Troy: And performance and speed, et cetera.

Andy: Yeah, so, you know, unlike the responsive web app where that way you typically need to be connected to a server to do anything, with the help of a service worker, once you’ve been to the app once the subsequent experience is really super fast. And we can do updates in the background, so the user is not really aware of the fact that we’re fetching fresh content at some point, it just happens kind of behind the scenes.

So that’s part of how we create a great experience.

Progressive Web App (PWA) Examples

Andy: In terms of your question who is using them, so, the kinds of users that we’re typically seeing is where an organisation might already have a native app, and they’ve got a responsive web alternative, that’s not a great experience, and they’re trying to figure out how to get more traction in that space, or maybe, how to onboard people into their native app. Or in some cases, perhaps, replacing the responsive website is providing everything that they need in terms of experience.

So, some really good examples, Twitter have taken their website, their responsive website, and turned it into a progressive web app. Pinterest, another big one. AliExpress, their shopping app.

Progressive Web App Performance Advantages

Troy: Is there a performance increase that we’re seeing from people who are moving from a responsive website, into a progressive web app, I guess, not only just performance as far as speed, but, are we seeing an increase in conversion metrics around increase in sales, increasing number of signups, and newsletters, that kind of thing?

Andy: Yeah, we have, both in terms of audience engagement, and some of those other metrics, like sales and click-throughs, and so on. What we’re seeing is there’s a reported uplift across the board, so. A few specific numbers.

With AliExpress they saw a 74% increase in the amount of time people were actually spending on the shop. Twice as many pages being visited overall. And 104% increase in conversions, which is huge.

Troy: Massive increase to the bottom line.

Andy: Yeah, that’s a massive increase. Forbes is another great example. So, they had a 43% increase in the number of user sessions. 100% increase in engagement across the board. Six times more articles actually looked at during the user experiences.

Troy: Wow.

Andy: Similarly with Pinterest, 60% increase in user engagement, 44% increase in ad revenues. So, you know, these are pretty compelling numbers.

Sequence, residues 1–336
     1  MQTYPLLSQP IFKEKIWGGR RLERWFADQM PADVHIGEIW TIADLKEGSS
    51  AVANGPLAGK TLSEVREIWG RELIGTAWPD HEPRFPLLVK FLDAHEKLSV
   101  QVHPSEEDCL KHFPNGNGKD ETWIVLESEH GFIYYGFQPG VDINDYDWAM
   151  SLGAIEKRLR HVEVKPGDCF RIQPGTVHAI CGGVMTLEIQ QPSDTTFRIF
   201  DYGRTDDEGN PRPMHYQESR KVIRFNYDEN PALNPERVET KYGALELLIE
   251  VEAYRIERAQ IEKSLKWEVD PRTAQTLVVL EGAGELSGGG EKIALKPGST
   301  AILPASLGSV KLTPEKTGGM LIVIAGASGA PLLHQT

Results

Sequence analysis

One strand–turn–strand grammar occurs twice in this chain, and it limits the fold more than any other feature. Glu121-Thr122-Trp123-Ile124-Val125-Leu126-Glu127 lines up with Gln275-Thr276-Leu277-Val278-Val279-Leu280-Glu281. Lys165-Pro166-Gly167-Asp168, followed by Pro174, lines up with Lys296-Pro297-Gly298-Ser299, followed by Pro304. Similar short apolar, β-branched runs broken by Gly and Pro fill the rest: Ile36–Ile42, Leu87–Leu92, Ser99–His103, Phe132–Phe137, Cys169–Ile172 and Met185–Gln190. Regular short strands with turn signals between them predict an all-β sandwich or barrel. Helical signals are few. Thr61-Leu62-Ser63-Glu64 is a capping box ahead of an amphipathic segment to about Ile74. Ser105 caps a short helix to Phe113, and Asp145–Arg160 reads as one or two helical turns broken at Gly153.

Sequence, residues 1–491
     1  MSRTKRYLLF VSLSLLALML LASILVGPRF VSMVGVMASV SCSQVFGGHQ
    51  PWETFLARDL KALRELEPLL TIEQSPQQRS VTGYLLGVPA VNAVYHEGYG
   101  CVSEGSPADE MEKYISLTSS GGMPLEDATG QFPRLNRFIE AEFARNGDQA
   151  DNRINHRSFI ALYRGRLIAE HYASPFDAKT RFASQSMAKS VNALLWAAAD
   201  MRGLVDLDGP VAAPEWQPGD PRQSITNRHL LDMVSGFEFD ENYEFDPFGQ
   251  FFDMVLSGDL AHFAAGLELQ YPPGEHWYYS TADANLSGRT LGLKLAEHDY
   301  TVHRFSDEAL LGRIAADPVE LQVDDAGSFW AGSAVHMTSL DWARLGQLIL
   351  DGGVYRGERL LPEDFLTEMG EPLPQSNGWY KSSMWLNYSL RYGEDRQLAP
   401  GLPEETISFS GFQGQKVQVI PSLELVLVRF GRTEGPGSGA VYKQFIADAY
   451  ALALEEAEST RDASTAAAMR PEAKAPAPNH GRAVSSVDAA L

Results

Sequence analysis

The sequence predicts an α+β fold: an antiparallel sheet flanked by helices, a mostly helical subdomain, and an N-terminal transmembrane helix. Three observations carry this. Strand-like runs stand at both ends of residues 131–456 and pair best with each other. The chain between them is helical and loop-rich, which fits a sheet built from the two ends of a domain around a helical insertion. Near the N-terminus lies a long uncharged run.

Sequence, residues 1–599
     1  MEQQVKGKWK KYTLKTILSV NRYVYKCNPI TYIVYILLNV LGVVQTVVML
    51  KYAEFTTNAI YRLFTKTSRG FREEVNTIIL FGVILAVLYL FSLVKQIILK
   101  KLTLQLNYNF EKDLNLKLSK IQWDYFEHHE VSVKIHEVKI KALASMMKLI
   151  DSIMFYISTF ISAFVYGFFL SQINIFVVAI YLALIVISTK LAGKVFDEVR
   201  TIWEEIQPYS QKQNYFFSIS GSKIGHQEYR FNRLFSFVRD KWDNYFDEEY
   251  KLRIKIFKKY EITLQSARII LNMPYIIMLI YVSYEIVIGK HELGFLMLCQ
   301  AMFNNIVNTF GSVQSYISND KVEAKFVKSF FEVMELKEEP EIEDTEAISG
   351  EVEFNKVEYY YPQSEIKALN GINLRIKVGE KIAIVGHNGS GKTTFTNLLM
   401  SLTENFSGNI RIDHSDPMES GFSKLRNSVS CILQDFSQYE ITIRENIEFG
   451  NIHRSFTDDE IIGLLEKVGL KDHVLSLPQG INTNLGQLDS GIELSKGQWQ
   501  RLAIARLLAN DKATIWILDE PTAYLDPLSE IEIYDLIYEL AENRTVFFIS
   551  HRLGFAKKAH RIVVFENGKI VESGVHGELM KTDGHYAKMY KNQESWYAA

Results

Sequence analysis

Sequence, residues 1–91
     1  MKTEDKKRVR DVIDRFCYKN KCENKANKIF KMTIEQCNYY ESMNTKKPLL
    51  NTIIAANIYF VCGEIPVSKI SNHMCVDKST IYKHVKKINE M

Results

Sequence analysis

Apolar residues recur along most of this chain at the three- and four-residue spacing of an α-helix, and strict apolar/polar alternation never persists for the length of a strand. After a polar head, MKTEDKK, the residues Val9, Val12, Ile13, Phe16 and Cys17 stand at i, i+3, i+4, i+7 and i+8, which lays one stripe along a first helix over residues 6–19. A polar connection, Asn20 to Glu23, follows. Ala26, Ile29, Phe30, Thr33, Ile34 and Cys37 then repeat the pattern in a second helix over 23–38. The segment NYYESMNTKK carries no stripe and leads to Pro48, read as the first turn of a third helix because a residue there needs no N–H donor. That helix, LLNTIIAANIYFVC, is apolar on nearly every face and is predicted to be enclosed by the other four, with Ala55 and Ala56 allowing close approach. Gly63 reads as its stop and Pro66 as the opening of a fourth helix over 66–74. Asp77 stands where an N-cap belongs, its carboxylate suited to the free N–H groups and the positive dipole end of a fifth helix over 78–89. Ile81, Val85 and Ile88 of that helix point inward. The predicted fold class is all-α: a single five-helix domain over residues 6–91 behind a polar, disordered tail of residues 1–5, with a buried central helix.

I think it’s pretty fair to say that the experience is a big enough improvement that it really is no longer comparable with just having a responsive website. This is really going to the next level. and it’s much more similar to having a native app in terms of the increasing engagement you get. And much lower investment.

Are PWAs for Everyone?

Troy: Yeah, okay, so we’ve got some big businesses starting to use this technology, does it make sense for everyone? Or is it a really limited use case of companies that might want to use this technology?

Andy: Yeah, look, that’s a good point. It doesn’t make sense for everybody. the kinds of people that see the most benefit, the sorts of businesses that are pursuing this are ones where they reengage with their customers frequently. So, where there’s just a one-off visit, and sale of some kind, or it’s a single service that you’re offering and once they use it, that’s it, it doesn’t make so much sense. But if you have an audience that are reengaging with your brand, they’re coming back to reorder products, or there’s a service that perhaps they use from time to time, or perhaps there’s information that they need to view frequently. It makes a lot of sense. ‘Cause you can provide a way better, way more fluid experience that’s much more engaging and much more enjoyable to use.

Troy: Yeah, and you have a wide, multiple ways to get them back into, engaged with your website, app.

Andy: Yeah, and the fact that integrates with your overall digital marketing much more tightly, that’s probably the most compelling.

Troy: So you could send an email marketing campaign which draws someone to a specific page within your app. Which you can’t do within a native app.

Andy: That’s right, yup.

Troy: Okay, thank you.

Andy: You’re welcome.